“Dallas” returns to television this week on TNT, another reminder of the passing of the power of the Big 3 networks. Back in the late 70s and early 80s, the story of the Ewing clan dominated primetime as millions of people turned in to CBS every week to find what happened to J.R., Sue Ellen, Bobby, and a bunch of other characters I can’t remember. In an era before VCRs, DVDs, and DVRs, viewers had to watch every episode in real time.
After the OPEC oil embargo of 1973, gas prices skyrocketed and lines at the pump became one of the iconic images of the Me Decade. As a result, domestic drilling increased and money flowed into Texas, particularly to Houston and Dallas. Debuting in 1978, the soap opera about the fictional Ewings and their oil company became the most popular program on television. Airing on Fridays, a night the networks have long since abandoned, “Dallas” became the #1 show in the ratings by the early 1980s.
The show achieved its greatest prominence in 1980, when “Dallas” featured the most talked about cliffhanger in the history of television. In the season finale, an unknown assailant shot J.R. Ewing (Larry Hagman), the program’s iconic lead (and villain) and the nation debated “Who shot J.R.?” all summer. Before cable, this question consumed the country in a way no television mystery has since, including ”Who killed Laura Palmer?” (“Twin Peaks”) or “Will Picard remain a Borg?”(“Star Trek: The Next Generation”) or any one of the season finales of “Lost.” The fourth episode of the next season, where everyone discovered that J.R.’s secretary was the culprit, became the most watched program in television history at the time, as 76 percent of televisions in use tuned in (record was later surpassed by the final episode of “M.A.S.H.”)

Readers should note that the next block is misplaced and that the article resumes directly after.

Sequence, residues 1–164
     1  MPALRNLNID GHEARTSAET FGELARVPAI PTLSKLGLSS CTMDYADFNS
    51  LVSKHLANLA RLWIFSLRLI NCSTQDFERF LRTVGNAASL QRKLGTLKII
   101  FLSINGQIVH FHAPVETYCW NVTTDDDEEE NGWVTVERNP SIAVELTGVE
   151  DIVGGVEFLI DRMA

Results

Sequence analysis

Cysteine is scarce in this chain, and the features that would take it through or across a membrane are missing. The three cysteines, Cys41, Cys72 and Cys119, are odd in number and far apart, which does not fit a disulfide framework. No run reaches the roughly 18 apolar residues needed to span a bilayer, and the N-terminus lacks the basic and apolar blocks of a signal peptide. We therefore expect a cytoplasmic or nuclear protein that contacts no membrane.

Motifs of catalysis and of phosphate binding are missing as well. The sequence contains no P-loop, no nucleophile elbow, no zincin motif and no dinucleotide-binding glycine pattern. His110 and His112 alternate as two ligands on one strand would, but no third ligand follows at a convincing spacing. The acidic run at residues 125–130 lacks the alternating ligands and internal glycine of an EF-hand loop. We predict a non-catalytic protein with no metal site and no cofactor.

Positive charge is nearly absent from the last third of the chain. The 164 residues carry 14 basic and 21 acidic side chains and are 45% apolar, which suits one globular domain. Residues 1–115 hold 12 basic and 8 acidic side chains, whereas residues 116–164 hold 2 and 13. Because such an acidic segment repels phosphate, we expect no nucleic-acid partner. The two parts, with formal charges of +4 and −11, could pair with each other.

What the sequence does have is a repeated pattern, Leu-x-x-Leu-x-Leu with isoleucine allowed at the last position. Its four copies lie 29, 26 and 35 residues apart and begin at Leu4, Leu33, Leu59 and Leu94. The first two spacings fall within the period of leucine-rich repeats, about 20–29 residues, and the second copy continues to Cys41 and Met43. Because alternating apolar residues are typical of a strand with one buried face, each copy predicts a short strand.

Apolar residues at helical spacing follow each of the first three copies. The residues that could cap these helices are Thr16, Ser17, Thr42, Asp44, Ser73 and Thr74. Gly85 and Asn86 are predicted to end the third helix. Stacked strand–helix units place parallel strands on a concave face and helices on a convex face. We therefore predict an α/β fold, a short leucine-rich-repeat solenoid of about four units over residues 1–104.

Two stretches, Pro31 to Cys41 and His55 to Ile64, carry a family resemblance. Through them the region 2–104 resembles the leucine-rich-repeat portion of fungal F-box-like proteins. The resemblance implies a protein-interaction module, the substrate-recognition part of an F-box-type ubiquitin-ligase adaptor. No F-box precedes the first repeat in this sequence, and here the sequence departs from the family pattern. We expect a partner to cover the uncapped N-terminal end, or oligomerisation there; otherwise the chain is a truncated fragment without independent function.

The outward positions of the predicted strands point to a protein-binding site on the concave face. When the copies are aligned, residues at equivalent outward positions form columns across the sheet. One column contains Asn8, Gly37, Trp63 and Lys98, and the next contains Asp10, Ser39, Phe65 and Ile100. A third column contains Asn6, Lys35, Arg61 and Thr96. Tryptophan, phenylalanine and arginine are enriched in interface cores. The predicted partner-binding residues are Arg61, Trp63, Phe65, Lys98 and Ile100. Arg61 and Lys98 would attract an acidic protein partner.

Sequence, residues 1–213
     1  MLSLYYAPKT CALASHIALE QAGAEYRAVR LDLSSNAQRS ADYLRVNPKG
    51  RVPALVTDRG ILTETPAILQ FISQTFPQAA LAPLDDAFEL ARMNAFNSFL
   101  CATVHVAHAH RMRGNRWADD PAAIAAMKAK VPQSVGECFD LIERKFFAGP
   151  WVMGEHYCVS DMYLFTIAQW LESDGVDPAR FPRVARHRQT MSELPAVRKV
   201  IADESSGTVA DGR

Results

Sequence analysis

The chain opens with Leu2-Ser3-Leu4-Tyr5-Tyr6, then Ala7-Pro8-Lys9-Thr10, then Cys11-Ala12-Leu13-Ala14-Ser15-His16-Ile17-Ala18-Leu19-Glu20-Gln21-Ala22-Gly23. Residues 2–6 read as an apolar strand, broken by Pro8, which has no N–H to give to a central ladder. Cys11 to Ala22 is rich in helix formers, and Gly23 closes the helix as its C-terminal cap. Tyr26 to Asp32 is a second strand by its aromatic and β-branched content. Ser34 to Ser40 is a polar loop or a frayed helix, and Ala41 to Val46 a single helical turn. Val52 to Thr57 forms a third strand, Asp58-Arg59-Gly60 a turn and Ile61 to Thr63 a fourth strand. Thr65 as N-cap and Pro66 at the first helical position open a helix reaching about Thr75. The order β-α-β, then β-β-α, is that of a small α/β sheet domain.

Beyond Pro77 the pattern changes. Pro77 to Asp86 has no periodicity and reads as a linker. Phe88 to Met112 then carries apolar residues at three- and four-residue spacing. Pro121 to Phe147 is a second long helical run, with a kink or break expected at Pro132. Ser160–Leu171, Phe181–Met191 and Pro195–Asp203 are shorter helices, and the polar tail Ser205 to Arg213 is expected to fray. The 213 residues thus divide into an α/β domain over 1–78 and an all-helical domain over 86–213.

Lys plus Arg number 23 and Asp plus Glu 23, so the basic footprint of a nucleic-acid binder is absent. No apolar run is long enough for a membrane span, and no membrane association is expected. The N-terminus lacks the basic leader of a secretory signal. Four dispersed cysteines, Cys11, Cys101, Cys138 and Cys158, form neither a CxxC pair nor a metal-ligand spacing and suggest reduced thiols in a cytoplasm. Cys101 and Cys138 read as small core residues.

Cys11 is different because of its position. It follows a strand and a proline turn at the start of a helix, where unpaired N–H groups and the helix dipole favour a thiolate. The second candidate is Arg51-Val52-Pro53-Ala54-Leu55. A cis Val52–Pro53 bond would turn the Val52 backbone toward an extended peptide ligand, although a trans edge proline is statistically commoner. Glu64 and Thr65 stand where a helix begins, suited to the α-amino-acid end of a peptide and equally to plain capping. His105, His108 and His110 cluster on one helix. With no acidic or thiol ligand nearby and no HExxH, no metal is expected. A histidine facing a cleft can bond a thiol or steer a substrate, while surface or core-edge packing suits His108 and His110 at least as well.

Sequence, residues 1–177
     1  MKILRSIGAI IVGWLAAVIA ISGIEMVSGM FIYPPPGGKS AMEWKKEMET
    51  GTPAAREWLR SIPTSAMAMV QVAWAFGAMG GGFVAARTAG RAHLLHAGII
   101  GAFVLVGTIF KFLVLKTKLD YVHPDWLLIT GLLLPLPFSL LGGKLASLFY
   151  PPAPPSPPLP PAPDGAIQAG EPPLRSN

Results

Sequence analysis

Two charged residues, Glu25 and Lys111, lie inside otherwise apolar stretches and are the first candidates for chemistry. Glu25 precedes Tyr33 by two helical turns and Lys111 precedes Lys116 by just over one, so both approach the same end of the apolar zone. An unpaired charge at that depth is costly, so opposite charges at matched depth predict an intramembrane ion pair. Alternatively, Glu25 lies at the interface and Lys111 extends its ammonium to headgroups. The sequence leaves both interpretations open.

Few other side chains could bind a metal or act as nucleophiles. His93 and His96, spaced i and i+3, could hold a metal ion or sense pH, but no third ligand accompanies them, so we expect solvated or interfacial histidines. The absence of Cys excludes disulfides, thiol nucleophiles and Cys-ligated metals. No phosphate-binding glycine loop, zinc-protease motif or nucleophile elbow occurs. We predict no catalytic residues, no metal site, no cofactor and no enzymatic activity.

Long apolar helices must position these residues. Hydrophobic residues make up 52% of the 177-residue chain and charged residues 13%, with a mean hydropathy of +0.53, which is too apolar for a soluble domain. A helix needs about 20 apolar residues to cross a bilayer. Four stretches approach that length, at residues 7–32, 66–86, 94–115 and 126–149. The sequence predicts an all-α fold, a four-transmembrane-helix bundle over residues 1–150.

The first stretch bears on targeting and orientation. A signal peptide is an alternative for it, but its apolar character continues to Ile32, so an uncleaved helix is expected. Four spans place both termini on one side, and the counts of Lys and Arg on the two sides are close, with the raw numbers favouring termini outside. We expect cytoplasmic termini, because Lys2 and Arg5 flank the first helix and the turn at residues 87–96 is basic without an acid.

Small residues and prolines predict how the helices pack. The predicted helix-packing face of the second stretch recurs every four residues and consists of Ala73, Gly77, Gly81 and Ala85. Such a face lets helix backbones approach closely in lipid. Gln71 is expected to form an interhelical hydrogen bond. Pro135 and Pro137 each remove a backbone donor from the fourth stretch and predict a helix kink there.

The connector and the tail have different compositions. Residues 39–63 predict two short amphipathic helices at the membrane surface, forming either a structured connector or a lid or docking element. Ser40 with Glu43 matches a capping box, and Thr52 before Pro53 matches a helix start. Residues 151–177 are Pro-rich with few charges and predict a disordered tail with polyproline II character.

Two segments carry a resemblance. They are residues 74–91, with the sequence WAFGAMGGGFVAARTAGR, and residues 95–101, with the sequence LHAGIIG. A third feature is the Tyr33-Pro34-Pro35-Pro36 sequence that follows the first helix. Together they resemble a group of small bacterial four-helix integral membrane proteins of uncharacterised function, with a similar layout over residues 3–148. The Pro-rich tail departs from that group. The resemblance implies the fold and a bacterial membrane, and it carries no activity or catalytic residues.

The show spawned a series of prime-time soaps that dotted the TV landscape, including its spinoff “Knots Landing” and “Falcon Crest.” “Dynasty” emerged as the most successful of the imitators, battling “Dallas” for the #1 Nielsen spot during the mid-1980s. Like its rival, “Dynasty” focused on a family in the oil business, the Carringtons, based in Denver.
Ironically, “Dallas” began to show its age at the same time oil prices collapsed in the mid-80s. When Patrick Duffy, who played J.R’s good guy brother Bobby, wanted to leave the show in season seven, his character was killed off in a car crash. Unhappy with the direction of the show during the next season, Hagman wanted to bring Duffy back. To accomplish this end, the show runners decided to make the previous season a dream, with Bobby’s wife Pam waking up to see Bobby emerge from the shower in the season eight finale. Depending on your perspective, it was either a classic or infamous television moment and I dare say an audience would not accept such a scenario today. (one of the print ads for the revived “Dallas,” which includes some of the old cast, pays homage to the twist)
Gradually, the other soaps aged as well. “Dynasty” was never the same after a spectacular season finale where terrorists attacked a wedding, riddling the Carringtons and their guests with bullets, only to have virtually everyone survive unharmed the next fall. Meanwhile, the broadcast networks revived the sitcom, which had been proclaimed dead in the early 1980s, with “The Cosby Show,” “Cheers,” and other shows leading the Nielsen standings. “Dallas” and “Dynasty” limped on, remaining on the air until the early 1990s, albeit with lower ratings than during their respective primes.
While the prime-time soaps disappeared, they left a significant legacy. With their multiple plots within episodes and across seasons, they laid the groundwork for the serialized shows that have dominated the landscape in recent years, such as “ER,” “24,” and “Mad Men.” Though several of the original actors, including Hagman and Duffy, are returning in significant roles, the revived “Dallas” will never match the success of the original network version; audiences simply have too many entertainment options today. Nevertheless, it is remarkable that J.R. Ewing is still alive and kicking three decades after his shooting gripped the nation.